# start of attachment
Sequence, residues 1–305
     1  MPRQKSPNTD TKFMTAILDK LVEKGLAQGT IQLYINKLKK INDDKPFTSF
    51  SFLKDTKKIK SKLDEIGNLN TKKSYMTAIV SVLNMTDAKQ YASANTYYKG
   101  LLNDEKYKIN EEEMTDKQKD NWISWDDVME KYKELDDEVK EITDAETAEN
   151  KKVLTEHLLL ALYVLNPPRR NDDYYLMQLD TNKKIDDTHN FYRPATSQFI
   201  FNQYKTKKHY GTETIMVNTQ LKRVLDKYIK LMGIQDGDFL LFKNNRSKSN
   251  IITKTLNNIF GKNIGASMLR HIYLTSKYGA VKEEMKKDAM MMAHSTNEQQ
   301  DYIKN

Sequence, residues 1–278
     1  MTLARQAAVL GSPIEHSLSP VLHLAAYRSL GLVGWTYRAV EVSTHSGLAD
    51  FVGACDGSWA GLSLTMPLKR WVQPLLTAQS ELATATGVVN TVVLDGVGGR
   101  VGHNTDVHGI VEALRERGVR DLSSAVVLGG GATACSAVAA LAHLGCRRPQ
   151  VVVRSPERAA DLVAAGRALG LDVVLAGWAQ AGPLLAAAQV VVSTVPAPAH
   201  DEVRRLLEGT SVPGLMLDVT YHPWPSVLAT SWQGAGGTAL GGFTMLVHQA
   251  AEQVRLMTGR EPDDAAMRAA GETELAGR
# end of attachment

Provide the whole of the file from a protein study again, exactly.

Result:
Sequence, residues 1–305
     1  MPRQKSPNTD TKFMTAILDK LVEKGLAQGT IQLYINKLKK INDDKPFTSF
    51  SFLKDTKKIK SKLDEIGNLN TKKSYMTAIV SVLNMTDAKQ YASANTYYKG
   101  LLNDEKYKIN EEEMTDKQKD NWISWDDVME KYKELDDEVK EITDAETAEN
   151  KKVLTEHLLL ALYVLNPPRR NDDYYLMQLD TNKKIDDTHN FYRPATSQFI
   201  FNQYKTKKHY GTETIMVNTQ LKRVLDKYIK LMGIQDGDFL LFKNNRSKSN
   251  IITKTLNNIF GKNIGASMLR HIYLTSKYGA VKEEMKKDAM MMAHSTNEQQ
   301  DYIKN

Sequence, residues 1–278
     1  MTLARQAAVL GSPIEHSLSP VLHLAAYRSL GLVGWTYRAV EVSTHSGLAD
    51  FVGACDGSWA GLSLTMPLKR WVQPLLTAQS ELATATGVVN TVVLDGVGGR
   101  VGHNTDVHGI VEALRERGVR DLSSAVVLGG GATACSAVAA LAHLGCRRPQ
   151  VVVRSPERAA DLVAAGRALG LDVVLAGWAQ AGPLLAAAQV VVSTVPAPAH
   201  DEVRRLLEGT SVPGLMLDVT YHPWPSVLAT SWQGAGGTAL GGFTMLVHQA
   251  AEQVRLMTGR EPDDAAMRAA GETELAGR